Homogenizing -- processing the milk to break down the fat molecules -- is just as bad, they argue. It actually changes some of the physical properties of fat molecules, which is why there is no cream layer at the top of whole milk sold in stores.

Sally Fallon, who heads the Weston A. Price Foundation, a privately funded, Washington, D.C.-based group that advocates drinking raw milk, said she doesn't even consider what's sold in stores to be milk. She calls it "an adulterated, milk-flavored product."

The foundation, which also seeks a ban on feeding soy milk to infants, is named for a Cleveland dentist who studied the diets of people around the world after becoming convinced of a link between poor nutrition and dental problems.

But health officials, including state officials and those with the U.S. Food and Drug Administration, say there are good reasons not to drink raw milk, including the risk of contracting diseases like tuberculosis and rabies.

A 2003 statement paper on raw milk issued by the FDA offers no statistics on the relative risk of drinking raw milk, in part because no one knows how much raw milk is consumed in the country. But the paper cites several cases since the 1980s of food poisoning the agency says were traced to raw milk consumption. Just last week, four children in California were sickened by e. coli poisoning that state health officials there suspect came from drinking raw milk. No cases have been reported in Alaska, according to state veterinarian Bob Gerlach.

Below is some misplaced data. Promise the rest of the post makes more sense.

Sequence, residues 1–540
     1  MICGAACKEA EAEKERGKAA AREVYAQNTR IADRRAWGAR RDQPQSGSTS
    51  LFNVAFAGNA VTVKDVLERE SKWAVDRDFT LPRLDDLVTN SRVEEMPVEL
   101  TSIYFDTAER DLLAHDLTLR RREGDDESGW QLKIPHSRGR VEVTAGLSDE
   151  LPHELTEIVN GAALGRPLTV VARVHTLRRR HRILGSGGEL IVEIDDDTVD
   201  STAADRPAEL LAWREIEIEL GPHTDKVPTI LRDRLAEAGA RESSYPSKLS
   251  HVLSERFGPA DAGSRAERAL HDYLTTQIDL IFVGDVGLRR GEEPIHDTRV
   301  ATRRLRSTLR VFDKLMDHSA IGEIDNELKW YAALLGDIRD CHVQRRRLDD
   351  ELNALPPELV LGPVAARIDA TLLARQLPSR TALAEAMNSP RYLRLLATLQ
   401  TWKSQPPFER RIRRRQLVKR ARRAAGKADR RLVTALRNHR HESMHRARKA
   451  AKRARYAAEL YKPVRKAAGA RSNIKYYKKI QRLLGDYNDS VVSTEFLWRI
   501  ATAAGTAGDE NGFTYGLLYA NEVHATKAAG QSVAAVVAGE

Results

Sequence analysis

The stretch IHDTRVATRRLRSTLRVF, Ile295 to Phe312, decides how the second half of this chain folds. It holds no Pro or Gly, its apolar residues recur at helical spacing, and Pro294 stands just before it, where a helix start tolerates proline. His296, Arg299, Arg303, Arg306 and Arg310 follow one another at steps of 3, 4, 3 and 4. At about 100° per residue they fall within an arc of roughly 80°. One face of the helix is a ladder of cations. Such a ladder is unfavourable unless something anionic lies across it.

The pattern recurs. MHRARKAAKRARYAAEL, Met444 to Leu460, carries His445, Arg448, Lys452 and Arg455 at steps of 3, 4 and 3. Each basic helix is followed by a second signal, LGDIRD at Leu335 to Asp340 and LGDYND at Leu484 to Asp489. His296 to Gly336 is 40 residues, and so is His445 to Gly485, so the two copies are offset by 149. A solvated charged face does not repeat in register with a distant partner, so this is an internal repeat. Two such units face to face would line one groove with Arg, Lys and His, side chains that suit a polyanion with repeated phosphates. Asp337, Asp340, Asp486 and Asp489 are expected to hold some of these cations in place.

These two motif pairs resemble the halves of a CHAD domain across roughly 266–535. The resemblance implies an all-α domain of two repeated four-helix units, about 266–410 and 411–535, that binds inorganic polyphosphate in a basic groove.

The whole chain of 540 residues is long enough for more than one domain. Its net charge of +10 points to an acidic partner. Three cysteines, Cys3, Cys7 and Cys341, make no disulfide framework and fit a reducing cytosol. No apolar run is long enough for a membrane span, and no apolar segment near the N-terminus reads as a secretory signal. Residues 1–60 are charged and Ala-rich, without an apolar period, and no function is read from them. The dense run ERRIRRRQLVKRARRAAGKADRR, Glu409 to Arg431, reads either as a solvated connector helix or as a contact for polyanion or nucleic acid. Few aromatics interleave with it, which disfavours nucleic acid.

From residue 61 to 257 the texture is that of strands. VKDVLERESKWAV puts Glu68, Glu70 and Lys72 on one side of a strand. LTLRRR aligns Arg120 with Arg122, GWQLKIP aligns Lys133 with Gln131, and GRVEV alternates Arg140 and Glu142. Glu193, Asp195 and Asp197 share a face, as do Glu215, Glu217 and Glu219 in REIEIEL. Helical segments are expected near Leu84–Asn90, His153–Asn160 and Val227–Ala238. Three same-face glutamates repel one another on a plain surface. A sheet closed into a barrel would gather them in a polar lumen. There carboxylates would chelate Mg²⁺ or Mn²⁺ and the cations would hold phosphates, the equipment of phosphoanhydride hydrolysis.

Advocates, however, dispute whether some of those outbreaks were legitimately traced to raw milk. They contend the risks of drinking unpasteurized milk are overstated.

Fallon says there is a double standard with raw milk. She noted the recent nationwide E. coli scare with spinach and a case in Washington state this summer in which several dozen people got sick from eating oysters.

"No one is saying we have to pasteurize the oysters," she said.

Anne-Corrine Kell, a stay-at-home mom who lives near Palmer, buys from the Beus. She said she considered the arguments on both sides but felt the potential benefits outweighed the potential risks, even for her two young children.

"I know it's a risk," she said. "But I also know there's a risk in not building an immune system in a healthy kid. You can't raise them in a bubble."

Gerlach said the Beus' cow-share program falls outside of the state regulation of milk products.